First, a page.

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Association between esodeviation and primary open-angle glaucoma: the 2010–2011 Korea National Health and Nutrition Examination Survey
  1. Jin-soo Kim1,2,
  2. Young Kook Kim1,3,
  3. Yong Woo Kim1,3,
  4. Sung Uk Baek1,4,
  5. Ahnul Ha1,5,
  6. Jinho Lee1,6,
  7. Haeng-Jin Lee7,
  8. Dai Woo Kim8,
  9. Jin Wook Jeoung1,3,
  10. Seong-Joon Kim1,9,
  11. Ki Ho Park1,3
  1. 1 Seoul National University College of Medicine, Seoul, Korea (the Republic of)
  2. 2 Department of Ophthalmology, Chungnam National University Sejong Hospital, Sejong, Korea (the Republic of)
  3. 3 Division of Glaucoma, Department of Ophthalmology, Seoul National University Hospital, Seoul, Korea (the Republic of)
  4. 4 Department of Ophthalmology, Hallym University Sacred Heart Hospital, Anyang, Korea (the Republic of)
  5. 5 Department of Ophthalmology, Jeju National University College of Medicine, Jeju, Korea (the Republic of)
  6. 6 Department of Ophthalmology, Chuncheon Sacred Heart Hospital, Chuncheon, Korea (the Republic of)
  7. 7 Department of Ophthalmology, Chonbuk National University Hospital, Jeonju, Korea (the Republic of)
  8. 8 Department of Ophthalmology, Kyungpook National University Hospital, Daegu, Korea (the Republic of)
  9. 9 Division of Neuro-ophthalmology and Strabismus, Department of Ophthalmology, Seoul National University Hospital, Seoul, Korea (the Republic of)
  1. Correspondence to Young Kook Kim, Department of Ophthalmology, Seoul National University Hospital, Seoul National University College of Medicine, 101 Daehak-ro, Jongno-gu, Seoul, Republic of Korea; md092{at}


Background/Aims To evaluate the association between strabismus and primary open-angle glaucoma (POAG) in a representative Korean population.

Methods A total of 11 114 participants aged 20 years or older in the Korea National Health and Nutrition Examination Survey database for the years 2010 through 2011 were reviewed. A standardised protocol was used to interview every participant and to perform comprehensive ophthalmic examinations. Glaucoma diagnosis was based on fundus photography and frequency-doubling technology perimetry results, according to the International Society of Geographical and Epidemiological Ophthalmology criteria. Ocular alignment was evaluated using the alternate prism and cover test, and clinically significant horizontal strabismus was defined as exodeviation of ≥15 prism dioptres (PD) and esodeviation of ≥10 PD. Univariate and multivariate regression analyses were used to evaluate the potential risk factors for POAG.

Results In the Korean population, subjects with clinically significant esodeviation had a much higher prevalence of POAG (12.32%) than those without clinically significant esodeviation (3.14%, p=0.016). After adjusting for age and intraocular pressure, clinically significant esodeviation was independently associated with POAG (OR 7.61, p=0.002).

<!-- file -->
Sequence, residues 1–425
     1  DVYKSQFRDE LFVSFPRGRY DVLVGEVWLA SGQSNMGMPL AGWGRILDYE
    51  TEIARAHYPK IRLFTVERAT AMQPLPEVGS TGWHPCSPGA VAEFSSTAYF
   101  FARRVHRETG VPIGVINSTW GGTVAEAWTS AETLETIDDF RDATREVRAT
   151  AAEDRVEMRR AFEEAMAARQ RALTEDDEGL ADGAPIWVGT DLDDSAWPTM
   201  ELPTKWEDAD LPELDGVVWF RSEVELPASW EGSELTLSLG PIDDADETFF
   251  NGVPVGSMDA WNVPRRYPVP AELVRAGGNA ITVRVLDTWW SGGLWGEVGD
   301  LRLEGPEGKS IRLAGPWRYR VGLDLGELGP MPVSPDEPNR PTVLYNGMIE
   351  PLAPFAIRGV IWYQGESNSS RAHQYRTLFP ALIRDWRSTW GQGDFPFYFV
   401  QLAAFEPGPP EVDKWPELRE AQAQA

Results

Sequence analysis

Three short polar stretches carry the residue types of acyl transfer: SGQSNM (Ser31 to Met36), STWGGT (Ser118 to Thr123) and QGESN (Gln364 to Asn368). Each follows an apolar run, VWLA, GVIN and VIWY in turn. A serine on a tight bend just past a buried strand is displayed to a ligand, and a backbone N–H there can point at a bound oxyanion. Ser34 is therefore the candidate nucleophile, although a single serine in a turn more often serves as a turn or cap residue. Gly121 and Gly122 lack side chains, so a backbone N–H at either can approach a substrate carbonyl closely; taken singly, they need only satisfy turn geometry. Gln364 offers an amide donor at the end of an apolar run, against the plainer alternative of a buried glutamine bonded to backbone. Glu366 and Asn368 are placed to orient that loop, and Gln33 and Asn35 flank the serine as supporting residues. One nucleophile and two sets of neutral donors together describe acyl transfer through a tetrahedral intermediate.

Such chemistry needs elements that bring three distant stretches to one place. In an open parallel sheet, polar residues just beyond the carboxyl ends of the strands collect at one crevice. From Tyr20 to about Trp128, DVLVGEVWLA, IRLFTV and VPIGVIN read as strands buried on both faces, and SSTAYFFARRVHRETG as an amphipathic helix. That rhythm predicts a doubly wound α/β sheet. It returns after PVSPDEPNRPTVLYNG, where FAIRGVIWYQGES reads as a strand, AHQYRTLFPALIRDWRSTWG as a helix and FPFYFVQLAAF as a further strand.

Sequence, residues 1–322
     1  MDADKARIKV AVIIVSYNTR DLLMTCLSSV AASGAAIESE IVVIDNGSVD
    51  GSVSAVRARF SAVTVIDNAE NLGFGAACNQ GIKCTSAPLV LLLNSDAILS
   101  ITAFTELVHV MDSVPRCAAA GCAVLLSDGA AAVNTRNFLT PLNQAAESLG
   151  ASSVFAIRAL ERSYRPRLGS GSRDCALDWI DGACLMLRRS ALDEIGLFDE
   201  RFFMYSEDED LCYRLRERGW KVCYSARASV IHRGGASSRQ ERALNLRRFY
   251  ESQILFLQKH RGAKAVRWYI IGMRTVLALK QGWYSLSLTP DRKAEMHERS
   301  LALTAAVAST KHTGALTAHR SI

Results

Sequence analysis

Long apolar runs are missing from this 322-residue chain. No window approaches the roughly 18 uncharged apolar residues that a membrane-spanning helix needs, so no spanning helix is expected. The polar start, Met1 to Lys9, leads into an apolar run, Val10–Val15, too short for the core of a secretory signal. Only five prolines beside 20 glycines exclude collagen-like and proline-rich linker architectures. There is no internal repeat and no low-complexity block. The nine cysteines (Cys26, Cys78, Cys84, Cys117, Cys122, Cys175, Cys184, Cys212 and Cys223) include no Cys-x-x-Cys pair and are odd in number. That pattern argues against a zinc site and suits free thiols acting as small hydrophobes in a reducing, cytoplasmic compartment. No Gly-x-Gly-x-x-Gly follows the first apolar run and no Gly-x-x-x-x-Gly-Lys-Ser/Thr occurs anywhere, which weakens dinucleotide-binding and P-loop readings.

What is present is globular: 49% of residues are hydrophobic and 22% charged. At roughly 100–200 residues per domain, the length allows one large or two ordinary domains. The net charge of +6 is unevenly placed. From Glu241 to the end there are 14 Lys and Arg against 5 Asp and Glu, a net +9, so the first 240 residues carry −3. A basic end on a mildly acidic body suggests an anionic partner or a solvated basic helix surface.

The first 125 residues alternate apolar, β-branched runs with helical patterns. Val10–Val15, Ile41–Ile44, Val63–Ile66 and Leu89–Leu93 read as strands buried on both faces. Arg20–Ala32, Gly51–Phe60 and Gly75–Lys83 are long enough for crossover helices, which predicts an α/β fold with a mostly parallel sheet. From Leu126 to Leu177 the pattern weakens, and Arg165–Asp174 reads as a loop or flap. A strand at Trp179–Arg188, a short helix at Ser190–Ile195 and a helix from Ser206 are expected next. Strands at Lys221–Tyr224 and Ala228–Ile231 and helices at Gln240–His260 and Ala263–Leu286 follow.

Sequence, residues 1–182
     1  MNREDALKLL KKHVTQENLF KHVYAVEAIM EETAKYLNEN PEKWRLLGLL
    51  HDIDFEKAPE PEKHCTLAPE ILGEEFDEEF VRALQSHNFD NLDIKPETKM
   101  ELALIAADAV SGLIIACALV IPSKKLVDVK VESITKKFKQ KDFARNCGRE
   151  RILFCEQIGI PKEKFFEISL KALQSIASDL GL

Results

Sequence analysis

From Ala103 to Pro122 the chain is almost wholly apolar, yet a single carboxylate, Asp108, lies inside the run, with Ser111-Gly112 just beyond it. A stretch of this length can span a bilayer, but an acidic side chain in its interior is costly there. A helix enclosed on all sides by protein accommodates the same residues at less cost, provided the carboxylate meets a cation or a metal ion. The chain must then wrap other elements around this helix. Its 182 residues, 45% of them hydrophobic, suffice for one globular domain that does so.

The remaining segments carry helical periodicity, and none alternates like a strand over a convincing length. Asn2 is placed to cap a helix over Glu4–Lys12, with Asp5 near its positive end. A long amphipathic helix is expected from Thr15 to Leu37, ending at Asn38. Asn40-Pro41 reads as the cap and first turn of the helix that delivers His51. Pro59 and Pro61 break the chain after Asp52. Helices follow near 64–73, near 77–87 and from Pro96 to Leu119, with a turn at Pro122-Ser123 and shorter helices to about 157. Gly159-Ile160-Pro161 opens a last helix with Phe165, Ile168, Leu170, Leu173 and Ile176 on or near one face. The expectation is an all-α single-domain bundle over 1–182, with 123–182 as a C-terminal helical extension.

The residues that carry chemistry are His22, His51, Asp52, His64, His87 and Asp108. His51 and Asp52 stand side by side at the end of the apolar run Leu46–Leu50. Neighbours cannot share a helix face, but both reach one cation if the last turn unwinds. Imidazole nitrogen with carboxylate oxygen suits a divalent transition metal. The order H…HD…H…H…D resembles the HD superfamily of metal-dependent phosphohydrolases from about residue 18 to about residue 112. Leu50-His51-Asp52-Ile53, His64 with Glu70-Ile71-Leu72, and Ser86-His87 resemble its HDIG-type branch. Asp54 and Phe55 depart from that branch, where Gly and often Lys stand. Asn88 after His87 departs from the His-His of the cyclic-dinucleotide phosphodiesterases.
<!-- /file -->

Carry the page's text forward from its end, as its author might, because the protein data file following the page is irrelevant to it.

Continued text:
Conclusion Esodeviation was independently associated with POAG in the Korean population. This could be the result of, at least in part, ocular-adduction-induced greater strain on the temporal optic nerve head and peripapillary tissues, which makes eyes with esodeviation more vulnerable to POAG.

  • Glaucoma
  • Optic Nerve
  • Epidemiology

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  • Contributors Conception and design of the work: J-SK, YKK; Acquisition, analysis or interpretation of data for the work: YWK, SUB, AH, JL; Drafting the work: J-SK, H-JL; Revising the work: YKK, DWK, JWJ, S-JK, KHP. All authors have approved the version to be published and agreed to be accountable for all aspects of the work.

  • Funding The authors have not declared a specific grant for this research from any funding agency in the public, commercial or not-for-profit sectors.

  • Competing interests None declared.

  • Provenance and peer review Not commissioned; externally peer reviewed.

  • Data availability statement Data are available in a public, open-access repository.

  • Supplemental material This content has been supplied by the author(s). It has not been vetted by BMJ Publishing Group Limited (BMJ) and may not have been peer-reviewed. Any opinions or recommendations discussed are solely those of the author(s) and are not endorsed by BMJ. BMJ disclaims all liability and responsibility arising from any reliance placed on the content. Where the content includes any translated material, BMJ does not warrant the accuracy and reliability of the translations (including but not limited to local regulations, clinical guidelines, terminology, drug names and drug dosages), and is not responsible for any error and/or omissions arising from translation and adaptation or otherwise.

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